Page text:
The hope: New skilled nursing payment model still a work in progress
James M. Berklan
College kids are often known for being creative. On this count, my friends and I could proudly be pronounced guilty.
When you're in college, after all, you're young and get energy almost daily from the new ideas you're constantly being presented with. There's a boldness to be attained that's often accompanied with a nothing-to-lose attitude.
That takes us back in time to a few bars in the Cleveland area. At first, we weren't even old enough to legally be in them, but that's where the creative factor comes in. You see, when you're about 6-foot-5 or taller, there are certain things that come easier than others. One of them is passing off being older than you are.
This, of course, is worth gold, er, golden lager, to many a college-aged schemer. The three of us would confidently stride into a local house of imbibement, start casual small talk with some of the congenial residents and accidentally let slip that we were the last three guys recently cut from the Cleveland Cavaliers' pre-season camp. At 6-foot-8, 6-foot-7 and 6-foot-5, it was not an implausible scenario if delivered with the right amount of chutzpah. More often than not, we'd soon each have a beer in our hands — courtesy of our newly found, sympathetic friends.
It didn't work every time, but the “What have we got to lose?” attitude paid off often enough to make fond memories to blog about a few decades later.
It is with that hopeful, “Why not try it?” attitude that skilled nursing providers are being led into the days of the new Patient-Driven Payment Model by skillful Washington advocates. (All of them of legal age and otherwise above board, as far as we know, I might add.)
We are in heady times for payment issues in long-term care, as the summer winds down and anxieties arise over what the new payment system will eventually be. Surely, you've noticed you haven't been able to swing a dead cat since late April without hitting someone offering to prognosticate on the future of PDPM.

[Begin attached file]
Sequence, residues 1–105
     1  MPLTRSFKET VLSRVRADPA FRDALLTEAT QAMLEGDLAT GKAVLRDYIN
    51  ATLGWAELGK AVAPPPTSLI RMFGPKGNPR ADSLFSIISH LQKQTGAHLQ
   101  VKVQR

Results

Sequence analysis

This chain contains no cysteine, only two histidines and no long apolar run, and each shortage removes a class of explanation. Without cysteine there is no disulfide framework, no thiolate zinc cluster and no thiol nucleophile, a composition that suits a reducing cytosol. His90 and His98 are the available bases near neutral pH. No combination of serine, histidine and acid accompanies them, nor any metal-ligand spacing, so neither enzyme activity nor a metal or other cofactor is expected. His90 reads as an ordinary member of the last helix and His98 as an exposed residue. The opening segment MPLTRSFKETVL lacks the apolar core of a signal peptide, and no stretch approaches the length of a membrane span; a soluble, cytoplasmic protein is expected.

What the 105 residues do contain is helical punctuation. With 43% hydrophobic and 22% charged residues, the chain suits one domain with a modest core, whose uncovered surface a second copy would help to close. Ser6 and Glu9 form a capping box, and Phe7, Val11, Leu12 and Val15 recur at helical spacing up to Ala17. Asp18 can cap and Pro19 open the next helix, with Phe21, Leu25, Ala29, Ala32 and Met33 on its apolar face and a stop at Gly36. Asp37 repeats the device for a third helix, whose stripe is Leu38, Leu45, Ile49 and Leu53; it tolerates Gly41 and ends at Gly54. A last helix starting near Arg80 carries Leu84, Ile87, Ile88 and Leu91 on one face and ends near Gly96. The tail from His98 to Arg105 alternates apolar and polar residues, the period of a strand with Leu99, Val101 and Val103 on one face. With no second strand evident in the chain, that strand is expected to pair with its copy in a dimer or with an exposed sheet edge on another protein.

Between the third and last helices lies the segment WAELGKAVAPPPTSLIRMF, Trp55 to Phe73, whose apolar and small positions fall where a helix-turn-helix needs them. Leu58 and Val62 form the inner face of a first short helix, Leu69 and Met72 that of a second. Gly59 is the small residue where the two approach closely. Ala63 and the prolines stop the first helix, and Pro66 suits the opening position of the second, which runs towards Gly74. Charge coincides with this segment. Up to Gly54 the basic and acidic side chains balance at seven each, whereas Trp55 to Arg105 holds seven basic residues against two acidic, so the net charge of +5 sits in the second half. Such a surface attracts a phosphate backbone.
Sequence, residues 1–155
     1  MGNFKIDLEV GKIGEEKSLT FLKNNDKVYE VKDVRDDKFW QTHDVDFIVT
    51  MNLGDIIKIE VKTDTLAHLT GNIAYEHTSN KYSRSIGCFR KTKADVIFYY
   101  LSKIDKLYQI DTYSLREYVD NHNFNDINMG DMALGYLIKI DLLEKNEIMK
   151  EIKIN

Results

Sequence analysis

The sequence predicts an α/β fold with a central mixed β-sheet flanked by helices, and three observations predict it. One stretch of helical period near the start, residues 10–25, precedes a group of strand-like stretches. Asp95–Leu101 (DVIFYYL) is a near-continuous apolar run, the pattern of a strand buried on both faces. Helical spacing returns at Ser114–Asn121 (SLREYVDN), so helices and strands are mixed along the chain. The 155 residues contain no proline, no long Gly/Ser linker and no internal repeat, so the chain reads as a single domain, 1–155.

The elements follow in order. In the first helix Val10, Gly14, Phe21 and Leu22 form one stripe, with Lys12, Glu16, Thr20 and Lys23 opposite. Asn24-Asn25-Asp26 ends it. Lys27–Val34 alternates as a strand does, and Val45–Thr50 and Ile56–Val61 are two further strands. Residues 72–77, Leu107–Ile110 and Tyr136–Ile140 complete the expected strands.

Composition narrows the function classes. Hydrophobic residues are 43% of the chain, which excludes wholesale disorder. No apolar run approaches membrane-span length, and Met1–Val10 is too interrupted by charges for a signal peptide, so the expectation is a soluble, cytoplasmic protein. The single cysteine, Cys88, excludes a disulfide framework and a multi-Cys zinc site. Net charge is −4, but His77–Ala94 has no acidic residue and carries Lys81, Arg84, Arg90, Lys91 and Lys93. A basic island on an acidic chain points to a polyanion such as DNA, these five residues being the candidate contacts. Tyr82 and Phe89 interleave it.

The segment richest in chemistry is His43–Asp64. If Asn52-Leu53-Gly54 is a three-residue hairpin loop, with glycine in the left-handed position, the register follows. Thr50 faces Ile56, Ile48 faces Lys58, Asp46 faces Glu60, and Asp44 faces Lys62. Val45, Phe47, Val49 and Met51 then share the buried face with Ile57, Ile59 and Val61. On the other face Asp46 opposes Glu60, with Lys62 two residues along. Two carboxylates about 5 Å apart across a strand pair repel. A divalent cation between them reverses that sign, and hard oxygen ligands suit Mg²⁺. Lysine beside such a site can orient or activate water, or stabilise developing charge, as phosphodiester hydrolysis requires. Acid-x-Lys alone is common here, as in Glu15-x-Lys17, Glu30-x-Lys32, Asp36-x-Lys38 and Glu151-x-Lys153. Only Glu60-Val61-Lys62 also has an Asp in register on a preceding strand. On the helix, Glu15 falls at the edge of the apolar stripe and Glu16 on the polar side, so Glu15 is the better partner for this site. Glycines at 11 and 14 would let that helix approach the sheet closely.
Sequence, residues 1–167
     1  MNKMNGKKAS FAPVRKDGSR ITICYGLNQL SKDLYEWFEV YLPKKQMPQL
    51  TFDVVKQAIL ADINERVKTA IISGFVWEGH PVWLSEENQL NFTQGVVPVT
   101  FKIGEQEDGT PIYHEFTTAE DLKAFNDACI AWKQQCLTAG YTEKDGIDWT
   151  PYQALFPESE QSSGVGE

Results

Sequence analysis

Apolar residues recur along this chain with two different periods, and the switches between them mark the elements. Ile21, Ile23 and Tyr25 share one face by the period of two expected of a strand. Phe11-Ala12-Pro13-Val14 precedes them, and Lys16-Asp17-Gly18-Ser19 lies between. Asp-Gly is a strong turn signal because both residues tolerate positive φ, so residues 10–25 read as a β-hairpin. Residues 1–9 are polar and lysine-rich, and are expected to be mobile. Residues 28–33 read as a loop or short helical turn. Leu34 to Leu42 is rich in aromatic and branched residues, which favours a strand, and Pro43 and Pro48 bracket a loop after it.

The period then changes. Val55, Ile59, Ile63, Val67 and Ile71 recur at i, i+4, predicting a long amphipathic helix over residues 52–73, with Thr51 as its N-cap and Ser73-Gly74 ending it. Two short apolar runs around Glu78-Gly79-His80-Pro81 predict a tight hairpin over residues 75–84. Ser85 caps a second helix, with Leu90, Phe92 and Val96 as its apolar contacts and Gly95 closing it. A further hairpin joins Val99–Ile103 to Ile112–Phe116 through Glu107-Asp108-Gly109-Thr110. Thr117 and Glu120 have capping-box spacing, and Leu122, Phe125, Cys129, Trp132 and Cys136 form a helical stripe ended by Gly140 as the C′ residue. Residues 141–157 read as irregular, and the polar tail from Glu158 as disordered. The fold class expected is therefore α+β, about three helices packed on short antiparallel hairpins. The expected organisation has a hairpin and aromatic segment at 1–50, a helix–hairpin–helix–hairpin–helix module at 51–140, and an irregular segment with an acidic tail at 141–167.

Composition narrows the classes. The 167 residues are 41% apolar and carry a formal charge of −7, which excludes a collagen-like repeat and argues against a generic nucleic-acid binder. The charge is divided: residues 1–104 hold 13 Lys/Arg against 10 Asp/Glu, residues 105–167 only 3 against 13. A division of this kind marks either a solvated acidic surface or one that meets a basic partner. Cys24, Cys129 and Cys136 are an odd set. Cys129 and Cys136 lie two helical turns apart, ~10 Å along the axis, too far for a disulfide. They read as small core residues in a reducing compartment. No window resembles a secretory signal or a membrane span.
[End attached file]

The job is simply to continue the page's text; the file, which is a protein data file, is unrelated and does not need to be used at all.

That's because, of course, when Uncle Sam pulls out his wallet, providers must pay attention with baited breath. By the end of the month, we should better know what direction PDPM will take. In order for information technology vendors, certain contractors and other schedules to be informed, regulators have to push on with the program now.
Hopes are high at the American Health Care Association, and other provider-advocate houses of knowledge. The Centers for Medicare & Medicaid Services, after all, listened to stakeholders' outcry after the agency first floated the ill-fated RCS-1 program.
The question now becomes, will the agency listen again and further fine-tune to providers', and hopefully beneficiaries', best interests? Enter providers, standing upright and tall, with a “What have we got to lose?” attitude.
Association insiders ARE, after all, the ones in the know. As Mike Cheek, the AHCA's senior vice president for reimbursement, pointed out to me, the “commotion” over the issuance of PDPM is a bit overblown for those who have been closely following along.
“We've known it was coming for a long time. They've worked on their payment system for at least six years with various tests,” he pointed out, referring to CMS. "So I don't think many folks are surprised, at least at the association leadership level."
As for the emergence of PDPM, “We had anticipated seeing ‘RCS-Version 2,' which is what we got — relabeled. When in doubt, rebrand, right?” he mused.
So the question becomes how much credence will CMS give AHCA/provider concerns over the coming weeks and months. Remember: To put into play even for an October 2019 start date, certain stipulations need to be in place quickly in the weeks.
AHCA submitted voluminous comments in May and June for regulators to ponder. By one count, Cheek noted, there are five main concerns and hopes on a wish list.
In brief, they are: 1) Getting broader admission (read: reimbursement) categorizations than those in the ICD-10 coding system, 2) a longer window to make modifications to initial MDS assessments, which under the new system could easily stick a provider/beneficiary with too little or too much, 3) readjust interim payment assessment language (payment adequacy and care access issues come into play), 4) creation of a new stakeholder advisory group to oversee ongoing concerns and 5) concerns over unintended consequences to certain beneficiary populations (such as increased rehospitalizations), and providers themselves, of course.
Cheek and colleagues — and by extension long-term care providers everywhere — are hopeful that an interim final rule would be issued Aug. 1, or shortly before, with perhaps another 60-day comment period to help fine-tune rough spots. Their professorial approach to things like this has worked before.
And as we know from educational college days, it doesn't hurt to play with a “What have we got to lose?” attitude.
Follow Editor James M. Berklan @JimBerklan.